A little over two years ago (about a week after being hired into my first job), I was asked to improve a system used by our office. It was supposed to be a quick and easy thing, maybe two weeks. I end up (with managerial approval), doing a total overhaul of the system and sinking about 6 months into it. I can now confidently it is my system. I have a casual understanding of programming (I'm an engineer), which I used in my overhaul. The system works, but its not error free, and it hiccups often enough that without me, it would not function. I am now considering leaving, but am concerned about leaving my office high and dry. The way I see it, I have a few options:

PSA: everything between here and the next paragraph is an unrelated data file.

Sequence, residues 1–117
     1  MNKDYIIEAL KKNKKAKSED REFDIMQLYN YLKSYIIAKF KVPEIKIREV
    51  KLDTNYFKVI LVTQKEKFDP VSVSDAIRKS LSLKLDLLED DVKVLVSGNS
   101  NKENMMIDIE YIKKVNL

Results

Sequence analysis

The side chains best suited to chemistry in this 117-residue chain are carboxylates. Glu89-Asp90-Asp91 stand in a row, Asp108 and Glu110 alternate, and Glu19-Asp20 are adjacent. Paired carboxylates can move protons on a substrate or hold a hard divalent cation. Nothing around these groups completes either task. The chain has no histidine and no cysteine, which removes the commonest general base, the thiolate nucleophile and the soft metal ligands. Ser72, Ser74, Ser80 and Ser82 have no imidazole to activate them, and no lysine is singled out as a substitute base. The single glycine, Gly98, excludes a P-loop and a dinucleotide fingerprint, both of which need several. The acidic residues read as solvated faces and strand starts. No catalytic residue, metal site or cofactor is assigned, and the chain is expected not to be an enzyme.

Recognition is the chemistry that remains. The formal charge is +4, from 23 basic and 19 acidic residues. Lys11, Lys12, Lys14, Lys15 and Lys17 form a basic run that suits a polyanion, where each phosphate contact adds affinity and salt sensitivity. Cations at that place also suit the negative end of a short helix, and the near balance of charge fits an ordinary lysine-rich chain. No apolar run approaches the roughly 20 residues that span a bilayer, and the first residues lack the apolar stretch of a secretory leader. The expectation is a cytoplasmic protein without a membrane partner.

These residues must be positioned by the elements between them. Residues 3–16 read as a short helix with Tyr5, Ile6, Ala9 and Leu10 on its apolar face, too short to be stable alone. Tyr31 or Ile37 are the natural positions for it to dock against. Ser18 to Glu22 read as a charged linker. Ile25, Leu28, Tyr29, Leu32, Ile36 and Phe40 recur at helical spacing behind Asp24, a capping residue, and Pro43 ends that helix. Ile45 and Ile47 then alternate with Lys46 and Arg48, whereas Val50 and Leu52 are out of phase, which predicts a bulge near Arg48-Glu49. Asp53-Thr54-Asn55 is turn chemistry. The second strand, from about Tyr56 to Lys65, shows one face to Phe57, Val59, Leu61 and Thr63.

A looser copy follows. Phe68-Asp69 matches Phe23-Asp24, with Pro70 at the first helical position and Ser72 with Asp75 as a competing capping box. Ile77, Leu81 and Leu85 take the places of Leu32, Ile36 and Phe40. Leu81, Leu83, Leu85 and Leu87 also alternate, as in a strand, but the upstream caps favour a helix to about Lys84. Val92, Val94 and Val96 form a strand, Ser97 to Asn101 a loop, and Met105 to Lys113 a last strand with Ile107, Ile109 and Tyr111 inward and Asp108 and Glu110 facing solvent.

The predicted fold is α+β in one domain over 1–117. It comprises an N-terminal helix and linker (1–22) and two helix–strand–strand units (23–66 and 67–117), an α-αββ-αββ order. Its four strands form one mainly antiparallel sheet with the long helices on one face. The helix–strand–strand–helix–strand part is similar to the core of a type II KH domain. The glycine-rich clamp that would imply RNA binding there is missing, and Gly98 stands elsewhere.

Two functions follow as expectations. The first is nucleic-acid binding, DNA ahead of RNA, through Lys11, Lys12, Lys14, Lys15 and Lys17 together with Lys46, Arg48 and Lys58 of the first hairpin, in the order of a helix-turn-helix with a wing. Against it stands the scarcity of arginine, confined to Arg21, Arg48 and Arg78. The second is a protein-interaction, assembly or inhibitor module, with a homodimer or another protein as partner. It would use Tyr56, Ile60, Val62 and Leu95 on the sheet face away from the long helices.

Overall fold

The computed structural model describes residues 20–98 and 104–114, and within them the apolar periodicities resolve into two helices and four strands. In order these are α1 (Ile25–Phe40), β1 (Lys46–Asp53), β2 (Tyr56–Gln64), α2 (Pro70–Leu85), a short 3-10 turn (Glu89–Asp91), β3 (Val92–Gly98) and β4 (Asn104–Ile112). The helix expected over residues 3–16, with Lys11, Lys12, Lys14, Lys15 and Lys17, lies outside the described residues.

- Cut and run: Leave the system as is, if it breaks, its not my problem anymore, and I should just live with any potential negative reputation this may give me.
- Offer to do my best to train someone on how to work with the system: This would take time (I would need to do this well before my two weeks), and likely wouldn't fix the problem fully (I am not confident in my coworker's ability in programming)
- Offer to continue to work with the system even while at a new job: This option means I'll be giving up nights and weekends to fiddle around with code that someone else owns, but no one will ever be able to call me apathetic. As an aside, a friend suggested doing this and charging the company, but that sounds a lot like blackmail to me.
How do I professionally turn over control of a utility when changing jobs?